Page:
New Orleans Saints quarterback Drew Brees (9) watches the score from the bench as the game goes into overtime during the NFC Championship NFL football game against the Los Angeles Rams in New Orleans, Sunday, Jan. 20, 2019.

Have you thought about what former New Orleans sportscaster Buddy D might have said after the most impactful blown no-call in NFL history a week ago Sunday? Buddy wasn’t the easiest guy to understand, but what he lacked in enunciation skills, he made up for with passion. Buddy would have had little empathy for the refs who unjustly ruined the Saints' season.

You could hear shades of Buddy D Monday afternoon on WWL Radio when host and former Saints quarterback Bobby Hebert was going off on the now infamous no-call. Hebert, also difficult at times to understand, especially when he’s angry, spitting and hollering, fielded one call after another from enraged listeners a full eight days after the refs robbed the Saints of a Super Bowl.

Hebert and his callers couldn’t believe NFL Commissioner Roger Goodell was hiding in the shadows, refusing to acknowledge the great injustice his league had wrought on a city that loves its team like no other. You could hear a genuine and authentic sense of betrayal and powerlessness. Most of the callers still seemed stunned. The season held such promise. How could it end this way? How could the refs be so blind? What were they possibly thinking?

2019 was supposed to be the “prove them right tour,” featuring a team loaded with talent and backed by a loud and loyal fan base. We had the best record and home field advantage throughout the playoffs. What could stop us?

Some believe the refs robbed us not because of ineptness, but intentional sabotage. Conspiracists believe the NFL didn’t want us in the Super Bowl. Why would they? We’re a poor, relatively small city compared with other NFL franchises. What made us think they’d pick us over the nation's most densely populated urbanized area, Los Angeles? Glamorous L.A. Lala land. Home of the shiny people.

The thing is, it wasn’t supposed to be up to them. Football is not a popularity contest. Winners earn it on the battlefield, taking more ground than their opponent. In many ways, the sport resembles life. The harder you try, the more you work and prepare, the better your chances of success. In football and in life, victory should come to those who want it the most.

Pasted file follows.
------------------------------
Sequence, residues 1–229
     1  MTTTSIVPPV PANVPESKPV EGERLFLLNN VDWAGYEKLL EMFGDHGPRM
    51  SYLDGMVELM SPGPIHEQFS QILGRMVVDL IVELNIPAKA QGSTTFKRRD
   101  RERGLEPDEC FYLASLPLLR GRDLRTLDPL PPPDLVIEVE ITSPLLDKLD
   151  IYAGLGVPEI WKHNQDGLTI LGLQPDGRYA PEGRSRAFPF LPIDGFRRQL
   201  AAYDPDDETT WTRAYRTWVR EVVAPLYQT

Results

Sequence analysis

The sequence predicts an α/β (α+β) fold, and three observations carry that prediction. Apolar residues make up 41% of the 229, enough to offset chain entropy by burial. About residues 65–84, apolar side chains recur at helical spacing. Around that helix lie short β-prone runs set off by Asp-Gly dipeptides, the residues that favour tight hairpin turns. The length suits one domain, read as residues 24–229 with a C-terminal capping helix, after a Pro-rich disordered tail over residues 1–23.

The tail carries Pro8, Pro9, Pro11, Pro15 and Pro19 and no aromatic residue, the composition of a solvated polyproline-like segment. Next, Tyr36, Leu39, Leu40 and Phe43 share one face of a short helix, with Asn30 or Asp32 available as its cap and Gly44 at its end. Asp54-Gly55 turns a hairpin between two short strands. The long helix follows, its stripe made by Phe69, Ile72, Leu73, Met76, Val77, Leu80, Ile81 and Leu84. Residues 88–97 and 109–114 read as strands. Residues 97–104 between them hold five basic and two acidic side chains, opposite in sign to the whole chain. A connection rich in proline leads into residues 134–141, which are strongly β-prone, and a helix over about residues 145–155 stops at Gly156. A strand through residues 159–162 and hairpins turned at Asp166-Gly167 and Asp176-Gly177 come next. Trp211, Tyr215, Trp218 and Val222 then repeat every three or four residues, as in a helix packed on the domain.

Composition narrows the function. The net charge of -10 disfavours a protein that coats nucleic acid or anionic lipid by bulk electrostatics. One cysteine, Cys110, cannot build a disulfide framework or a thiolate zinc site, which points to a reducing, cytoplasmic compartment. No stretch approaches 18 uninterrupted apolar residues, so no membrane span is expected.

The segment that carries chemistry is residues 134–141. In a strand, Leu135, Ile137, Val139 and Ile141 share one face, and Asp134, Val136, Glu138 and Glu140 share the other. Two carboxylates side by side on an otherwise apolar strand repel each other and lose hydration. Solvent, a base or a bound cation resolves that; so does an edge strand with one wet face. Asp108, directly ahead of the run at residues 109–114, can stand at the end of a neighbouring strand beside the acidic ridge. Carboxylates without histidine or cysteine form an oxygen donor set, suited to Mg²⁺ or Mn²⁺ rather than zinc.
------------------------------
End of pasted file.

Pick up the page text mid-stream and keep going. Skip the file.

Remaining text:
“I’ve spent this last week navigating the heartache and disappointment from the game. The longer I play, I realize that we truly are one heartbeat with our fans,” said Saints quarterback Drew Brees. “Our success is your success. Our disappointment is your disappointment. We are inspired by one another to accomplish things far greater than what we could ever do on our own.” 

Yes, it’s just a game. But in New Orleans, the Saints mean so much more. When Steve Gleason blocked that punt in the first game in the Superdome after Hurricane Katrina, it marked the beginning of a rebirth and renewal of a city in bad shape. The city’s come a long way since Katrina, and the Saints have been there all along, fighting and striving.

“Everything that has ever happened to this community, we have bonded together, galvanized and leaped forward every time,” said Brees. “The frustration we feel now can be channeled in the same way. Pour that passion and emotion into your families and communities. Inspire others with your focus and determination and positive outlook. This will make us stronger, this will bond us tighter, this will be a source for our success in the future. There is no place like New Orleans. There is no community like ours. No fans like the Who Dat Nation. I refuse to let this hold us down. I refuse to let this create any negativity or resentment. I embrace the challenge. So keep your chin up, hold your head high, puff your chest out because we are the Who Dat Nation and we will always persevere.”

How statesmanlike. You don’t hear the word "victim" come from Brees much.

Katrina, city hall corruption, violent crime, generational poverty, and flooding caused by clumsy bureaucrats. It’s been quite a ride recently for the Big Easy. But the thought now is, if we survived Katrina, anything’s possible. As long as the refs don’t screw it up, right?

Email Dan Fagan at Twitter: @FaganShow.